Penn State Football

Beaver Stadium to undergo ‘substantial renovations,’ drop to about 103,000 capacity

Beaver Stadium is in for massive changes — but an exact timetable and price are still not yet known.

Beaver Stadium will undergo sizable renovations likely no earlier than 2023, outside the initial five-year window of Penn State’s Facilities Master Plan, which was announced Monday morning.

The extensive upgrades will take three to four years to finish, pegging a completed Beaver Stadium at 2026 or 2027 at the earliest. Planned renovations include an increase in chairback seating, new restrooms, new concessions (locations and options), wider concourses and additional premium seating options.

“If we could start renovating Beaver Stadium today, we would,” Penn State Athletic Director Sandy Barbour said during a public presentation Monday afternoon at Hintz Alumni Center. “We’re doing Beaver Stadium as quickly as can be expected.”

Penn State’s home for football since 1960 will also see its capacity dip to accommodate wider seats. Beaver Stadium, which currently holds 106,572, will be knocked down to about 103,000 by the end of the project.

“We intend to stay at or above 100,000,” Deputy Athletic Director Phil Esten said. “That’s an important number for us. ...We think that’s a competitive advantage for us.”

Additionally, the corners of Beaver Stadium will widen to accommodate FIFA guidelines. Barbour said Penn State has had discussions with international soccer officials, as well as NHL representatives, about using the venue to host non-football sporting events.

As far as the exterior changes, Beaver Stadium will have a new “skin” — a brick and limestone facade that will cover the outside of the venue.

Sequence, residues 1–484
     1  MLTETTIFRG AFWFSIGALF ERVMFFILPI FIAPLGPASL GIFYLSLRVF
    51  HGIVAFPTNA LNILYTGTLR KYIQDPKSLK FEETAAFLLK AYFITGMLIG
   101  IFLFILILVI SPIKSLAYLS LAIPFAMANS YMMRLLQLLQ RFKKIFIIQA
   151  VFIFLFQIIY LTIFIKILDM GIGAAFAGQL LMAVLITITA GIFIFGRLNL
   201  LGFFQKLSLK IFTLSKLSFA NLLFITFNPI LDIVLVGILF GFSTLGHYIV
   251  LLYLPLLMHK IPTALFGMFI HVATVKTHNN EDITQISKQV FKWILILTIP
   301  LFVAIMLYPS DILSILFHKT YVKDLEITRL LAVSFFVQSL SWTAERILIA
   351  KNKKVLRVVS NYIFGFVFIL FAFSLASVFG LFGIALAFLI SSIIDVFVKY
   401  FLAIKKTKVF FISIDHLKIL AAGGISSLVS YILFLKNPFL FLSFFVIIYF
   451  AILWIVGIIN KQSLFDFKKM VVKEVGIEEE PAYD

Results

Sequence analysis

A price for the renovations has not yet been released, and an estimate won’t be available until the project gets closer. The funding will rely heavily upon philanthropic gifts and revenue generated by the athletic department.

In the Facilities Master Plan’s first five years, starting in the 2018-19 academic year, Penn State plans on constructing four new buildings — a Center for Excellence, new indoor practice facility, new natatorium, and indoor tennis facility — and renovating Jeffrey Field, the home to Nittany Lion men’s and women’s soccer.

So, why not include Beaver Stadium renovations in that phase? The specific changes, such as whether the student section will remain bleachers, are not yet fully designed.

“To figure out what Phase 1 is, you have to design the entire thing,” Barbour said. “Based on the complexity, we think there’s a significant amount of time investment in actual design, sequencing and the funding model.”

The actual renovation process is expected to mirror Texas A&M’s handling of its football stadium, Kyle Field. Penn State’s architecture design firm, Populous, previously worked with the Aggies. And Kyle Field’s renovations, which finished in 2015 after starting in 2013, cost $450 million.

Penn State officials have not spoken directly with Texas A&M representatives about their upgrade process, but do want to stick to a similar model.

“We want to make sure we’re prepared to do that in consecutive years so there’s as little impact to our fans as possible,” Esten said.

And, ultimately, a primary reason for the changes to Beaver Stadium is the fan experience.

With national college football attendance numbers suffering, these changes reflect growing necessities, even if the capacity will decrease.

“When you look at Beaver Stadium, we’re talking about some really significant infrastructure needs that stand out,” Barbour said. “Those are non-negotiables in terms of, ‘Do we or don't we?’ We need to address that from a fan standpoint. ... We need to help motivate fans to come to games.”

John McGonigal: 814-231-4630, @jmcgonigal9

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